g. All other factors being equal. The first five liters of water per capita per day will be extremely valuable as they are necessary to sustain life. for each additional increment of water. this individual would (all other factors remaining equal) reduce daily consumption from 140 liters to 115 liters.CHAPTER 3: DEMAND ANALYSIS & FORECASTING 43 10. This is illustrated by curve D1D1 in Figure 3. the marginal value of water tends to decline as the individual is putting the water to less and less valuable uses. cooking and washing of clothes. In this Handbook. D1 D1 in Figure 3.50. The next five liters are valuable for food preparation. If the water tariff is increased from $0.25 to $0. The downward sloping demand curve indicates the “decreasing marginal value” of water. 75 .1 An Individual’s Water Demand Curve: Linear and Non-linear Relationships Price (US$/m 3 D 1D 1 1. Figure 3. . the nonlinear relationship between quantity and price is probably a better approximation of the actual behavior of water users. as indicated by line D2 D2. the individual’s willingness to pay for each increment of water will gradually decrease.1. Consequently. in their use for hygienic purposes). 11. 25 D 2D 2 0 115 140 Quantity (lcd ) 12. The second five liters will also be valuable. a linear demand curve will often be used for illustrative purposes.00 . represents a non-linear curve for an average household and shows an example of an individual’s water demand or willingness-to-pay curve.50 .1. However. (e.
if a 25 percent increase in water fees leads to a 50 percent reduction in demand.= . it can be seen that for the first few liters of water. 15. 1992). the higher the price. meaning that the consumer is willing to pay a high price for the given volume of water.2. For example. in this case. the consumer’s demand will become increasingly elastic. If ep > |1 |.= slope x ---dP/P Q dP dP Q Q 14. The percentage change in quantity demanded is larger than the percentage change in price. 16. For a linear demand curve as can be verified through the formula for ep. 17.3 The Concept of Price Elasticity of Demand 13. the higher the absolute value of price elasticity. If ep < |1 |. demand is ‘inelastic’. it has been found that the price elasticity for water typically ranges between -0. Using a nonlinear demand curve (Figure 3. smaller than the relative change in price (dP/P). if an increase of 25 percent in water fees leads to a 10 percent reduction in the demand for water.1). The relative change in quantity demanded (dQ/Q) is.= .----. As the marginal value of the water gradually declines. meaning that price fluctuations will result in larger changes in quantity demanded. which means that an increase (decrease) in price is expected to lead to a reduction (increase) in demand. this would result in a price elasticity of -0. indicating .44 HANDBOOK FOR THE ECONOMIC ANALYSIS OF WATER SUPPLY 3. In studies carried out by the World Bank (Lovei.x ---.8.---.2 and -0. One question which often arises when considering the demand curve is how much the quantity demanded by an individual will change when the price per unit of water changes.40.x ---. demand will be very inelastic. this would result in a price elasticity of -2. demand is elastic. The price elasticity of demand for water is normally negative because the demand curve is downward sloping.-----. The price elasticity of demand is a measure that describes the degree of responsiveness of the quantity of water to a given price change and is defined as follows: ep = percentage change in the quantity of water demanded --------------------------------------------------------------------------percentage change in the price per unit of water ep = dQ/Q dQ P dQ P P . For example. 18.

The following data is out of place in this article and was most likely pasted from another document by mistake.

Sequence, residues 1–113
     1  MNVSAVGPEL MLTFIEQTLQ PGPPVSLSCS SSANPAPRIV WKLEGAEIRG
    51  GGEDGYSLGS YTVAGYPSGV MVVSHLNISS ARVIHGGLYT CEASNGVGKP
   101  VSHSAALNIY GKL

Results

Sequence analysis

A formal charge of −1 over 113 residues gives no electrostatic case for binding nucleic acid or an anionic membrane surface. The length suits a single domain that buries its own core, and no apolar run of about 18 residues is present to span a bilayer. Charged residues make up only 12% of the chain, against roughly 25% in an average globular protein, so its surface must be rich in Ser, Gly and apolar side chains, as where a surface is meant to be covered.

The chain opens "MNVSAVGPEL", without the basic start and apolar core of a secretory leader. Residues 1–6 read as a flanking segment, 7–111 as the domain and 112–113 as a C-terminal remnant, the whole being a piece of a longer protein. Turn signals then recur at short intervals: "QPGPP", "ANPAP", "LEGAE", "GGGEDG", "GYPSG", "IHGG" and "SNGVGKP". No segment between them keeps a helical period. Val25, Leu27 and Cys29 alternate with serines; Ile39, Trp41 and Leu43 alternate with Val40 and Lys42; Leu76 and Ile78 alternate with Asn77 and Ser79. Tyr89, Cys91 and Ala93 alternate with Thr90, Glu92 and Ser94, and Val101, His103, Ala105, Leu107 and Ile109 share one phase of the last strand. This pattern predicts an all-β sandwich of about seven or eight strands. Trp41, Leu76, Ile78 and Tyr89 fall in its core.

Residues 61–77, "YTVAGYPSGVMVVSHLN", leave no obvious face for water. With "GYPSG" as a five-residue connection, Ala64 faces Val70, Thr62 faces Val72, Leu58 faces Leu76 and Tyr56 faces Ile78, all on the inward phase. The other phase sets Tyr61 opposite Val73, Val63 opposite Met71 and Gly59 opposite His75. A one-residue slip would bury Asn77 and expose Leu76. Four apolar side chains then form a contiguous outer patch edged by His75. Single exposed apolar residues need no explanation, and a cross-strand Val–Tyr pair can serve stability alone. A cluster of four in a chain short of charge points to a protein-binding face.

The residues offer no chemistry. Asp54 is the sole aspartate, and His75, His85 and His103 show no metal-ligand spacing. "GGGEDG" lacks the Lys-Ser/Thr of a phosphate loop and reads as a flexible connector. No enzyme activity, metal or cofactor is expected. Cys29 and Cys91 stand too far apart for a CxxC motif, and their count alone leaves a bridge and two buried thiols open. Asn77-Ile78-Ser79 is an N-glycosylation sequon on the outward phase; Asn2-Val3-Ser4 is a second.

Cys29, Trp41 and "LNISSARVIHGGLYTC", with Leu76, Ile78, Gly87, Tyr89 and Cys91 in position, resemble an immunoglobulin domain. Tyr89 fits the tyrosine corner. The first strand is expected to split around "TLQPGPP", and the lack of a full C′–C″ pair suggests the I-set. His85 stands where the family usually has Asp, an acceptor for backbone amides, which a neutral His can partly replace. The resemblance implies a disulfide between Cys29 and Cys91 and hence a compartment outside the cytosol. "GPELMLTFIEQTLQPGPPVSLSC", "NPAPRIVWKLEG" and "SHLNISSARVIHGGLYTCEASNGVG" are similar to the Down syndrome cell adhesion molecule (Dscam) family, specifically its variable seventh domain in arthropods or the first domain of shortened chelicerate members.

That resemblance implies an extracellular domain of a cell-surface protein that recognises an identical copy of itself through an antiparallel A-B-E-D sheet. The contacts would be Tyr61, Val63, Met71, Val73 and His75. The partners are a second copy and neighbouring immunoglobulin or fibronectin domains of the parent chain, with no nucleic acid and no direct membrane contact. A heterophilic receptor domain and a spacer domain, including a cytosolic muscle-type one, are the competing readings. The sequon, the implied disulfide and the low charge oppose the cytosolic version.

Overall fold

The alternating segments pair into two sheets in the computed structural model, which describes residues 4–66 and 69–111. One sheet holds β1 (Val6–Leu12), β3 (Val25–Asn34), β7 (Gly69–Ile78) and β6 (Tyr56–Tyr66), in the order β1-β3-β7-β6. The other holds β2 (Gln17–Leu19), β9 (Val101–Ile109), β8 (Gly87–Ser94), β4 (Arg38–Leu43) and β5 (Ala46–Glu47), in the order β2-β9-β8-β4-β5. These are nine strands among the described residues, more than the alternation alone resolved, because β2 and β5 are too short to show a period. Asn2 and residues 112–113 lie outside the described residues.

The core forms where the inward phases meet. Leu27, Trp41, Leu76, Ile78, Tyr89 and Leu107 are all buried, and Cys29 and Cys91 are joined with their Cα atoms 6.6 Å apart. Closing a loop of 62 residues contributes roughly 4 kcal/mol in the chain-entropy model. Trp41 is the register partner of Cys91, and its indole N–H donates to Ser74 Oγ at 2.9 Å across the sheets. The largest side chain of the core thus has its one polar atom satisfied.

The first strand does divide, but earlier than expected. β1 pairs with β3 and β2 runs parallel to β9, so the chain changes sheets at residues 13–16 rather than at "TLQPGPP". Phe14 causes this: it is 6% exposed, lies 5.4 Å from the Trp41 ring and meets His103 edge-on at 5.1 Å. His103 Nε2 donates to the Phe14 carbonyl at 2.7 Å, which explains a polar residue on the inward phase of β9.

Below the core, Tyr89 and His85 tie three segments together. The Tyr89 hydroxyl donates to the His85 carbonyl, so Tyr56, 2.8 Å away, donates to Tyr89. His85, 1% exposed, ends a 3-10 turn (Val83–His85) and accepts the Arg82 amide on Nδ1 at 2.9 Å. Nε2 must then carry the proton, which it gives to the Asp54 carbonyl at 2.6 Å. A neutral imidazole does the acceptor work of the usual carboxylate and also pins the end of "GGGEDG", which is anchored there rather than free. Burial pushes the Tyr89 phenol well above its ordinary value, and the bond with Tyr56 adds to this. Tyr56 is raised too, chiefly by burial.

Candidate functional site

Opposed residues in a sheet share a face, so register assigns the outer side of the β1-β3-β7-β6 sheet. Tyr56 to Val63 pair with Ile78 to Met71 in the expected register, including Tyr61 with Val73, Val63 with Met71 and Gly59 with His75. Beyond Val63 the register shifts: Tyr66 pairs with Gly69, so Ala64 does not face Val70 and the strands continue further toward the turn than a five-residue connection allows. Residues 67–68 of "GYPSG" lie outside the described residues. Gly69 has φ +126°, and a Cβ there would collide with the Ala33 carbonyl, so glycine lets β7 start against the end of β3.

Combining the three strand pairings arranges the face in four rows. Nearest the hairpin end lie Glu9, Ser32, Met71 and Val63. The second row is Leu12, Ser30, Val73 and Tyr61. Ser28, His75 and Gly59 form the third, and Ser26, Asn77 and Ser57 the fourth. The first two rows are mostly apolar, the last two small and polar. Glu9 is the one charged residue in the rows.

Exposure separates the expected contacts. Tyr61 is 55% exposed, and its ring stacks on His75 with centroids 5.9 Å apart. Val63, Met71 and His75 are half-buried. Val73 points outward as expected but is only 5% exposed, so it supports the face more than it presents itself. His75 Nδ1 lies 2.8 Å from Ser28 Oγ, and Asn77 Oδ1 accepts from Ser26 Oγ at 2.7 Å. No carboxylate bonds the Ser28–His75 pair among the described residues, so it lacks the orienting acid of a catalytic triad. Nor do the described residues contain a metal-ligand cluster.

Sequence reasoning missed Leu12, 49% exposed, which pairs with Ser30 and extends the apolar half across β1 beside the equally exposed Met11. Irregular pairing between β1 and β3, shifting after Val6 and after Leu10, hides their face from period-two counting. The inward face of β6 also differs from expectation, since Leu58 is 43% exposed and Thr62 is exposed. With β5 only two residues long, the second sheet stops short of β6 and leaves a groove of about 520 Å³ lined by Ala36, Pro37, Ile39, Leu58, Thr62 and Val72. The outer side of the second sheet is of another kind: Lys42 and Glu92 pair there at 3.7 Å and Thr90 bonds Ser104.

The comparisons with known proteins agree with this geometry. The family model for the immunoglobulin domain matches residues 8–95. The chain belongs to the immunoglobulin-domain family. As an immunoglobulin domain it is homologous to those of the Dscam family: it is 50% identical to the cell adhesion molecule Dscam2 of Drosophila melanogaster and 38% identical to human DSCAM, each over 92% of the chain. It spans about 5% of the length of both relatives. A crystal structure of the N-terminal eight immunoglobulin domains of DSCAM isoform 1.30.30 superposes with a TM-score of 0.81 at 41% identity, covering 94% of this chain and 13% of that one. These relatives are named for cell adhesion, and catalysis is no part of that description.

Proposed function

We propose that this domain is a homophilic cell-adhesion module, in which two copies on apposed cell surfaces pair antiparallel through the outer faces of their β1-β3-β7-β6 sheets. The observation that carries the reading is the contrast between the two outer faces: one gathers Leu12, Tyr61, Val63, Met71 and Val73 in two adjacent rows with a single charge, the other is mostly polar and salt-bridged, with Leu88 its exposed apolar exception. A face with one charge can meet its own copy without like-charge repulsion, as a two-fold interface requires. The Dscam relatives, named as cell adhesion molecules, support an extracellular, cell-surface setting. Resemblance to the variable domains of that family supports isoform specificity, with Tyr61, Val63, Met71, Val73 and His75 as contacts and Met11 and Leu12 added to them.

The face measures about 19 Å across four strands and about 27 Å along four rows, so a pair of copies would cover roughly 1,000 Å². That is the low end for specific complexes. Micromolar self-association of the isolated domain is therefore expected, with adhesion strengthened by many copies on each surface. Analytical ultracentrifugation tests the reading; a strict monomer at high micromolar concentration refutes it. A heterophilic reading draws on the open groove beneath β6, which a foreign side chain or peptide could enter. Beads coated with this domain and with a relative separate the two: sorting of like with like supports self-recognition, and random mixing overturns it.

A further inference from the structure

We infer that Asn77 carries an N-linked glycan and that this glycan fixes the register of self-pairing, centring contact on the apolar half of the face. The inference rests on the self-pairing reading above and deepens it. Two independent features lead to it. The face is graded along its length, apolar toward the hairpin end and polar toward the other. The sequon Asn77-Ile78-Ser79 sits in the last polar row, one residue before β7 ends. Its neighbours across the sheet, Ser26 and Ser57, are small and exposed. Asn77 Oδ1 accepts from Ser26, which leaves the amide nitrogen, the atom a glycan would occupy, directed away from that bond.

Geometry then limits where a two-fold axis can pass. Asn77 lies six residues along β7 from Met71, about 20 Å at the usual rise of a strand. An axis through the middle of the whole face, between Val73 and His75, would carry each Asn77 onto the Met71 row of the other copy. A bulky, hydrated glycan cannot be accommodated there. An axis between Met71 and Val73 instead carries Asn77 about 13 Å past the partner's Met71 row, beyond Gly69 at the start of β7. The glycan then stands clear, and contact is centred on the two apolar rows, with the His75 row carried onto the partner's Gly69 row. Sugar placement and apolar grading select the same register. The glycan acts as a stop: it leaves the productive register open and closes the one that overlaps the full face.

including chemical composition (e. For example. The definition of effective demand mentions “ the demand for water of a certain quality”. an individual is prepared to pay a higher price for a product with a higher quality.4 Different Demand Curves for Different Products 19. accessibility and convenience.g.3. 20. The combination of these characteristics will determine the “product” water or service level. The other characteristics define water quality in its broader sense. The first two characteristics determine the quality of water in the stricter sense. taste and smell.2. 3. e = -0. and one for public taps (PT) as shown in Figure 3. reliability of supply. an individual will be willing to pay a higher price for a higher quality product. The quality of the product “water” is not easily explained and a number of characteristics are normally included in defining it. 2 D e m a n d C u r v e s f o r W a t e r f r o m P u b lic T a p s v s . For example.CHAPTER 3: DEMAND ANALYSIS & FORECASTING 45 inelastic demand. H o u s e C o n n e c t i o n s WTP (price per m 3 ) P2 HC P1 PT O Q1 Quantity (m3) . For the same “quantity” of water. In this case. Up to a certain point.2..2 means that a 10 percent increase in price would lead to a reduction in the quantity demanded by only 2 percent. F i g u r e 3 . WHO standards). there are two different demand curves: one for house connections (HC) as shown in Figure 3. water pressure. consumers are normally willing to pay a higher price for water from a house connection than for water from a public tap.